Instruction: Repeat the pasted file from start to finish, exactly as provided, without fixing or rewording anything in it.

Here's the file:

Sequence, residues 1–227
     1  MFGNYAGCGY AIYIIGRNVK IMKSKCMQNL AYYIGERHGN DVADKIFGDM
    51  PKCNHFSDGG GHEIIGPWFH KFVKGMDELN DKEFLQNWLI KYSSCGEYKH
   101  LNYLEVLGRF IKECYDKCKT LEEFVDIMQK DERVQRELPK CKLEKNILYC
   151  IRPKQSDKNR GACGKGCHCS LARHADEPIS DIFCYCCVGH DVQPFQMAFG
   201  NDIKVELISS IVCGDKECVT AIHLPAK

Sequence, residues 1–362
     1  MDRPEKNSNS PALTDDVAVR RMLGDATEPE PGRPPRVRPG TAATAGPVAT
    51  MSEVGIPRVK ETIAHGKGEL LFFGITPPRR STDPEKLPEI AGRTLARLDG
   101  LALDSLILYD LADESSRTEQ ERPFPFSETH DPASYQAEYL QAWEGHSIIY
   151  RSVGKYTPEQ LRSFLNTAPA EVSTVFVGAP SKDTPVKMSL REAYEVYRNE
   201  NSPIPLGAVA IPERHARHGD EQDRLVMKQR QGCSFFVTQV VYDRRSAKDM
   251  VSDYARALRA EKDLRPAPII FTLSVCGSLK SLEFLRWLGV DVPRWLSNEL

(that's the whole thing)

Sequence, residues 1–227
     1  MFGNYAGCGY AIYIIGRNVK IMKSKCMQNL AYYIGERHGN DVADKIFGDM
    51  PKCNHFSDGG GHEIIGPWFH KFVKGMDELN DKEFLQNWLI KYSSCGEYKH
   101  LNYLEVLGRF IKECYDKCKT LEEFVDIMQK DERVQRELPK CKLEKNILYC
   151  IRPKQSDKNR GACGKGCHCS LARHADEPIS DIFCYCCVGH DVQPFQMAFG
   201  NDIKVELISS IVCGDKECVT AIHLPAK

Sequence, residues 1–362
     1  MDRPEKNSNS PALTDDVAVR RMLGDATEPE PGRPPRVRPG TAATAGPVAT
    51  MSEVGIPRVK ETIAHGKGEL LFFGITPPRR STDPEKLPEI AGRTLARLDG
   101  LALDSLILYD LADESSRTEQ ERPFPFSETH DPASYQAEYL QAWEGHSIIY
   151  RSVGKYTPEQ LRSFLNTAPA EVSTVFVGAP SKDTPVKMSL REAYEVYRNE
   201  NSPIPLGAVA IPERHARHGD EQDRLVMKQR QGCSFFVTQV VYDRRSAKDM
   251  VSDYARALRA EKDLRPAPII FTLSVCGSLK SLEFLRWLGV DVPRWLSNEL